You probably use items containing anLC D (liquid crystal display) every day. They are all around us
-- in laptop computers, digital clocks andwatch es, microwave ovens, CD players and many other
electronic devices. LCDs are common because they offer some real advantages over other display
technologies. They are thinner and lighter and draw much less power than cathode ray tubes(C RT s ),
But just what are these things called liquid crystals? The name "liquid crystal" sounds like a
contradiction. We think of a crystal as a solid material like quartz, usually as hard as rock, and a liquid
is obviously different. How could any material combine the two?
In this article, you'll find out how liquid crystals pull off this amazing trick, and we will look at the
underlying technology that makes LCDs work. You'll also learn how the strange characteristics of
liquid crystals have been used to create a new kind of shutter and how grids of these tiny shutters
open and close to make patterns that represent numbers, words or images!
We learned in school that there are three common states of matter: solid, liquid or gaseous.Solids
act the way they do because their molecules always maintain their orientation and stay in the same
position with respect to one another. The molecules inli q ui d s are just the opposite: They can change
their orientation and move anywhere in the liquid. But there are some substances that can exist in an
odd state that is sort of like a liquid and sort of like a solid. When they are in this state, their molecules
tend to maintain their orientation, like the molecules in a solid, but also move around to different
positions, like the molecules in a liquid. This means that liquid crystals are neither a solid nor a liquid.
That's how they ended up with their seemingly contradictory name.
So, do liquid crystals act like solids or liquids or something else? It turns out that liquid crystals are
closer to a liquid state than a solid. It takes a fair amount of heat to change a suitable substance from
a solid into a liquid crystal, and it only takes a little more heat to turn that same liquid crystal into a real
liquid. This explains why liquid crystals are very sensitive totem p erature and why they are used to
makethe rm o m e t e r s and mood rings. It also explains why a laptop computer display may act funny in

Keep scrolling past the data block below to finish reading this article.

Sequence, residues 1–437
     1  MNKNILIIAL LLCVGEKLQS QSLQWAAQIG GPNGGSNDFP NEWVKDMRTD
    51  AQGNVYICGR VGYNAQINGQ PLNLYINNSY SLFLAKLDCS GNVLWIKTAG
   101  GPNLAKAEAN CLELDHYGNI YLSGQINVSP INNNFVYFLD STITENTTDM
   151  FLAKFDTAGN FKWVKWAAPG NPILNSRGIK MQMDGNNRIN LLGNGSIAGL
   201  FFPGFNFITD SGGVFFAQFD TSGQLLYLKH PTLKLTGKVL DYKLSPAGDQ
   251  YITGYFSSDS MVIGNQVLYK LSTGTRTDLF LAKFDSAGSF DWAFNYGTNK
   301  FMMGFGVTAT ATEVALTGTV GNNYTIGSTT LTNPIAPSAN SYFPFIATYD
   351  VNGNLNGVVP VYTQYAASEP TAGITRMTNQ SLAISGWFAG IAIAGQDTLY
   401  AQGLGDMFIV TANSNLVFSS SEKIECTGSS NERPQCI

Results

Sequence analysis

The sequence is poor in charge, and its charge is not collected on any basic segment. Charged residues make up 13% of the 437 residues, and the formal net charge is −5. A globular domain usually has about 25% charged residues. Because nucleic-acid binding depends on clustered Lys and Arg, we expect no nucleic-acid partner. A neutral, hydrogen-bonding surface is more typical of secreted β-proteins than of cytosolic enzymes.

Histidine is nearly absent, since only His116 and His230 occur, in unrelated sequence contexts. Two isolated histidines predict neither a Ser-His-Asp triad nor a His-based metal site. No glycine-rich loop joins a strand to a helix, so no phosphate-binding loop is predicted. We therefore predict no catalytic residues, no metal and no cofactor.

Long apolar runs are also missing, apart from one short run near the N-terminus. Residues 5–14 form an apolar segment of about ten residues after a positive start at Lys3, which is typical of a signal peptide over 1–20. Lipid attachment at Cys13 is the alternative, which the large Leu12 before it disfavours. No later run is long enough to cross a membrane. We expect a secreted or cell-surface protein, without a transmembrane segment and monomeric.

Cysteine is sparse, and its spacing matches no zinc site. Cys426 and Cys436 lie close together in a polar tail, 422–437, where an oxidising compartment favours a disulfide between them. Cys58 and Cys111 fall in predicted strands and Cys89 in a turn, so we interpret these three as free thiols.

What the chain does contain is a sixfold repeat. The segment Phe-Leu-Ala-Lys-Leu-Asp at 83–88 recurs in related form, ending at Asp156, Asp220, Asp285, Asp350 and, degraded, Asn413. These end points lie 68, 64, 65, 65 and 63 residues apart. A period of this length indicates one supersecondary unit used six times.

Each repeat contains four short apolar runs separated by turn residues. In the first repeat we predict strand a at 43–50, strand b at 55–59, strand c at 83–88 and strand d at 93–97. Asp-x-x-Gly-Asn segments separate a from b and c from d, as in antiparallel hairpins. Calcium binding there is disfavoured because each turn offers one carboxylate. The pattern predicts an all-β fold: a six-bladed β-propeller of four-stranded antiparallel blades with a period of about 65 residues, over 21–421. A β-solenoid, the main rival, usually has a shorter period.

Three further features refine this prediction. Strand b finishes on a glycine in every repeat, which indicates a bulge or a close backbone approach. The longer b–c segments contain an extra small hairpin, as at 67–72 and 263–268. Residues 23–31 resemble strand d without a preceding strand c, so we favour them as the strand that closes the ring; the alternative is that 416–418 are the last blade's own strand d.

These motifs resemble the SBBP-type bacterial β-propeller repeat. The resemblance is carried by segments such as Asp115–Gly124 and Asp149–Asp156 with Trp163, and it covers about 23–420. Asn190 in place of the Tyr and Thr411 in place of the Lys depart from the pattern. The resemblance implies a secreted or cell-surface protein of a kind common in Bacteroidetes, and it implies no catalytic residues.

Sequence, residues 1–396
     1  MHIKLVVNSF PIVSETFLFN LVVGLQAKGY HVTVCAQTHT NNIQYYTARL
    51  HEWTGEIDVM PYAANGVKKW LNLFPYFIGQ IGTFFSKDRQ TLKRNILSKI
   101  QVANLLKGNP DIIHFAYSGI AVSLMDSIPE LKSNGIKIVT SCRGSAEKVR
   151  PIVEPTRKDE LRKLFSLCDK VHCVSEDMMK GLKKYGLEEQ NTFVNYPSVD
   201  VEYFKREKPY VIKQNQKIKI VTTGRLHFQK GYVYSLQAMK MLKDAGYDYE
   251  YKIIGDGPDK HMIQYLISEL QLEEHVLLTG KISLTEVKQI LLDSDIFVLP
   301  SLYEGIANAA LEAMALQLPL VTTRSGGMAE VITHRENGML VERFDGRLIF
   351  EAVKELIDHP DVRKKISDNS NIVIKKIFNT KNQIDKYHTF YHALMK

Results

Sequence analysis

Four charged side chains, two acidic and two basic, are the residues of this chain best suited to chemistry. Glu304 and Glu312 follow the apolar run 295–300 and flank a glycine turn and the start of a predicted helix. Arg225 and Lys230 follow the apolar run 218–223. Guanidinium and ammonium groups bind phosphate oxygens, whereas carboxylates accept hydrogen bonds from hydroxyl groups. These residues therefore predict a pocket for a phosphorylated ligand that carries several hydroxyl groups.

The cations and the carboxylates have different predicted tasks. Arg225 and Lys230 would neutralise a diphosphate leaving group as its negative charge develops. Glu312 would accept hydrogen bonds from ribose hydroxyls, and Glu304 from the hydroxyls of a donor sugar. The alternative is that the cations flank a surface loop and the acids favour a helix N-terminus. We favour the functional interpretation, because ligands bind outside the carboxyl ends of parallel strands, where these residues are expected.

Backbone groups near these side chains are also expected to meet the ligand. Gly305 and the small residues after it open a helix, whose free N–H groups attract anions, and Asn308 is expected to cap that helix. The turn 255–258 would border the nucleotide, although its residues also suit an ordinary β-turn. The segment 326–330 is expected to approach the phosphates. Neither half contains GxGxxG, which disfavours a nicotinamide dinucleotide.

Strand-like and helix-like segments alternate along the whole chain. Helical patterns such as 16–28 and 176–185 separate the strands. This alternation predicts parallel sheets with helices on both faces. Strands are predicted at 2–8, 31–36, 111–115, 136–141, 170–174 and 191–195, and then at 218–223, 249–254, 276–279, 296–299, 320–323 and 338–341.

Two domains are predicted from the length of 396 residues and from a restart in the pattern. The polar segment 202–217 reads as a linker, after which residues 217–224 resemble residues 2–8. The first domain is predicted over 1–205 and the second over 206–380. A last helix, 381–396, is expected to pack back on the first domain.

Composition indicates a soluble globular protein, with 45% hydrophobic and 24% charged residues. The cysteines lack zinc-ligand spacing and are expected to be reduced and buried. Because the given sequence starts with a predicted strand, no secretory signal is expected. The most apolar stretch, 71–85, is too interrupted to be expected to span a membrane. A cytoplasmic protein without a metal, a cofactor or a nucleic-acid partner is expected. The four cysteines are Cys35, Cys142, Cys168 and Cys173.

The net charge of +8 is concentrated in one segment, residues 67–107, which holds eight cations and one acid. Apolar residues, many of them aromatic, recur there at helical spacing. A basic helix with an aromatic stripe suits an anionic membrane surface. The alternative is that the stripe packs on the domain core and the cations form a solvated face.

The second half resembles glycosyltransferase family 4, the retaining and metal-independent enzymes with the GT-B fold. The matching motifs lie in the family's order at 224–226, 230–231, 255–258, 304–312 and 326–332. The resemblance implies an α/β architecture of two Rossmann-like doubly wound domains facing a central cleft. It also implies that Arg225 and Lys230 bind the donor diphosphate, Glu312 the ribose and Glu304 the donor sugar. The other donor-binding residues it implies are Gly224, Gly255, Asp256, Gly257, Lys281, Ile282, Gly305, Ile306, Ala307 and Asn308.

cold weather or during a hot day at the beach!
Just as there are many varieties of solids and liquids, there is also a variety of liquid crystal
substances. Depending on the temperature and particular nature of a substance, liquid crystals can
be in one of several distinct phases (see below). In this article, we will discuss liquid crystals in the
One feature of liquid crystals is that they're affected by electric current. A particular sort of nematic
liquid crystal, called twisted nematics (TN), is naturally twisted. Applying an electric current to these
liquid crystals will untwist them to varying degrees, depending on the current's voltage. LCDs use
these liquid crystals because they react predictably to electric current in such a way as to controllig ht
Thermotropic liquid crystals will react to changes in temperature or, in some cases, pressure. The reaction of lyotropic liquid crystals, which are used in the manufacture of soaps and detergents, depends on the type of solvent they are mixed with. Thermotropic liquid crystals are eitheris ot ro pi c orne ma t ic. The key difference is that the molecules in isotropic liquid crystal substances are random in their arrangement, while nematics have a definite order or pattern.
surface that has microscopic grooves in it. In the nematic phase, liquid
crystals can be further classified by the way molecules orient
themselves in respect to one another.Smectic, the most common
arrangement, creates layers of molecules. There are many variations
of the smectic phase, such as smectic C, in which the molecules in
each layer tilt at an angle from the previous layer. Another common
phase ischolesteric, also known as chiral nematic. In this phase,
the molecules twist slightly from one layer to the next, resulting in a
To create an LCD, you take two pieces of polarized glass. A special polymer that creates
microscopic grooves in the surface is rubbed on the side of the glass that does not have the polarizing
film on it. The grooves must be in the same direction as the polarizing film. You then add a coating of
As light strikes the first filter, it is polarized. The molecules in each layer then guide the light they
receive to the next layer. As the light passes through the liquid crystal layers, the molecules also
change the light's plane of vibration to match their own angle. When the light reaches the far side of
the liquid crystal substance, it vibrates at the same angle as the final layer of molecules. If the final
layer is matched up with the second polarized glass filter, then the light will pass through.
switching response time that make FLCs particularly suited to
advanced displays. Surface-stabilized ferroelectric liquid crystals
(SSFLCs) apply controlled pressure through the use of a glass plate,
suppressing the spiral of the molecules to make the switching even
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